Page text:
Aside from that, I don’t have too much to say about ride feel. At least for the first four months of the review period, I had no reason to consider the wheels at all, in that they were performing well on a variety of terrain, rolling freely to the point where they basically went unnoticed.
How did they hold up?
It wasn’t until I came to swap the Shimano SLX cassette for an XT cassette that I came across any issues. Removing the cassette revealed the MicroSpline freehub body which had suffered obvious wear along the splines. Small detents along the splines, where the cassette pushes against to drive wheel rotation are generally to be expected.
However, the outboard edges of some of the splines had cracked, with some material having sheared off under load. This is where the smallest sprockets interface with the freehub body, so likely where the highest torque is experienced.
Following an inspection of the six triple-stepped pawls inside the freehub mechanism, I’m pleased to report they are all still intact, with no evidence of any cracks forming. They still spring back freely when compressed, with no hint of sticking. The hub internals had suffered dirt ingress, as is to be expected after 6 months of UK riding.
The Enduro ABEC 5 bearings inside the hub are, admittedly, quite rough, and will soon be in need of replacement. That’s not a complaint; this wheelset has seen a great many miles, having survived a whole season of enduro riding and racing. The bearings have an LLB/LLU full contact seal type with two lips that make light contact within a groove.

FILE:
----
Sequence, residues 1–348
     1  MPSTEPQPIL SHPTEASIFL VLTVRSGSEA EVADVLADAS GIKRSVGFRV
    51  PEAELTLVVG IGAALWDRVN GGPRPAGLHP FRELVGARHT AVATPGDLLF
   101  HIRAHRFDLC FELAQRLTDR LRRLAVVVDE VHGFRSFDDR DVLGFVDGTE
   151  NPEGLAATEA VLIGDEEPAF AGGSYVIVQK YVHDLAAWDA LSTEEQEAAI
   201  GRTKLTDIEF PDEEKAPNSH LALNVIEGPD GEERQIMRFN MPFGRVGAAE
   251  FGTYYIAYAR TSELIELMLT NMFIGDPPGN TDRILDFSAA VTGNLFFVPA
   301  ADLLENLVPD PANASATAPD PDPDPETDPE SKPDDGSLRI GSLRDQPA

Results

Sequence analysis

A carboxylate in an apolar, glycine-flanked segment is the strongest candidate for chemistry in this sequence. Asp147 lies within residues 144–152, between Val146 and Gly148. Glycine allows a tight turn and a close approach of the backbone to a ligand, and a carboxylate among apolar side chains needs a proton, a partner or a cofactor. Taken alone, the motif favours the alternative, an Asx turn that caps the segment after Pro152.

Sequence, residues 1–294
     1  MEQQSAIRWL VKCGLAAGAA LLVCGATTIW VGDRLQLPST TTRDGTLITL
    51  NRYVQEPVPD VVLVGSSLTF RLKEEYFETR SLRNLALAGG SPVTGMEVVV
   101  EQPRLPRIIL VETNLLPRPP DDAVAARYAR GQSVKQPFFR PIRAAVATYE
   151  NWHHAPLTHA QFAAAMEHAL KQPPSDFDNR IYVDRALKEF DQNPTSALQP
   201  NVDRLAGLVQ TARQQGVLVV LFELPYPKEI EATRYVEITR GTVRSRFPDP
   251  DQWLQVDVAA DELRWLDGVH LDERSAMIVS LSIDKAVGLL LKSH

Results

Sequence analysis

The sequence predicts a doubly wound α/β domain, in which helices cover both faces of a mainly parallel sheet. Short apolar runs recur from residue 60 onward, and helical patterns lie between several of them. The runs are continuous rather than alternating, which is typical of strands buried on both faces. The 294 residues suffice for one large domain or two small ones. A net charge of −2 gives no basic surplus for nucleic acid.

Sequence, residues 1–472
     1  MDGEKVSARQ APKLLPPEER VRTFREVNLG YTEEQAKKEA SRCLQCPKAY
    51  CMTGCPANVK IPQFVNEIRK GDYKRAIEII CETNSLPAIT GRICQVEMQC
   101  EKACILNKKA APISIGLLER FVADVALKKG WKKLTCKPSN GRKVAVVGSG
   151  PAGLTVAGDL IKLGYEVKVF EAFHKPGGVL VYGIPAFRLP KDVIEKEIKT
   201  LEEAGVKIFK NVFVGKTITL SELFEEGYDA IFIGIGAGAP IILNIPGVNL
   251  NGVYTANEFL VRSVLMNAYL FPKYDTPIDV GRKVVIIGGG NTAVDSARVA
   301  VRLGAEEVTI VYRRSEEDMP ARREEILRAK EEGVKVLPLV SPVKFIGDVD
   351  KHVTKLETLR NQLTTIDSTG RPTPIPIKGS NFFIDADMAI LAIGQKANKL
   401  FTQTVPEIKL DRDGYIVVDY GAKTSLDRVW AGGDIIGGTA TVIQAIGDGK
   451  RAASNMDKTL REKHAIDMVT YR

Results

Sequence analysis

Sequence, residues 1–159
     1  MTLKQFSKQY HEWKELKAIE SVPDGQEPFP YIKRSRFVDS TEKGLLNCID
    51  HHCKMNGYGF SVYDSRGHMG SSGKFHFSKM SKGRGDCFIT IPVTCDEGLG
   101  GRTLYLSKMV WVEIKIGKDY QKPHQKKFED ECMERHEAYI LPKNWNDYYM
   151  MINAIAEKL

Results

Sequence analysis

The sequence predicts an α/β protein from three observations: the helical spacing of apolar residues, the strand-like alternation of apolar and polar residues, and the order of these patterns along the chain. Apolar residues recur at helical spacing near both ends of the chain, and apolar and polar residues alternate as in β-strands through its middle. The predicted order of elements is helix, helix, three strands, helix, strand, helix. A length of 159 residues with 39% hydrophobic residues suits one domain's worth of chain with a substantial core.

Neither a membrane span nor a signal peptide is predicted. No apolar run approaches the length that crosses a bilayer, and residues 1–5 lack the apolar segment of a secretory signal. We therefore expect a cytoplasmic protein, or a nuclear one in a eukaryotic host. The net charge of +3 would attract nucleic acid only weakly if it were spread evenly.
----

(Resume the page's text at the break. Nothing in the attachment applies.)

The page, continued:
How about the rims? Only one incident of note, here. I put one ding in the rear rim while riding Fort William’s Top Chief descent, the offending article being a chunk of granite rock which makes up a good 70% of the trail’s surface. Running 22 PSI in an EXO+ casing tire with CushCore Pro installed wasn’t enough to protect the rim entirely. Externally, the ding is subtle but damage to the rim bed is evident upon closer inspection. There’s also a very subtle flat spot in the rim as a result, too. The wheel is no longer true, with the non driveside spokes having lost measurable (by feel) tension in some areas.
To come away with the abovementioned damage only, after being the subject of several tire insert tests where pressures were dropped as low as 12 PSI (more often around 17 PSI), is a credit to the rim strength. The rim also suffered a good bit of aesthetic damage, with chips to the finish and, in a few places, small gouges to the aluminium; none of these had a functional impact on the wheelset.
Pricing & Availability
The Nukeproof Horizon V2 wheelset is available with the 6-bolt standard only (27.5″ and 29″) retailing at £389.99. You can also purchase the front and rear separately at £149.99 and £249.99, respectively. The rear wheel is available in boost (148mm) spacing for Microspline, HG, and XD drivers. You can also get it in 142mm with an HG driver only, and 150/157mm spacing with HG and XD drivers. Nukeproof also offer 15mm RockShox Torque Caps for the front wheel for use in downhill applications.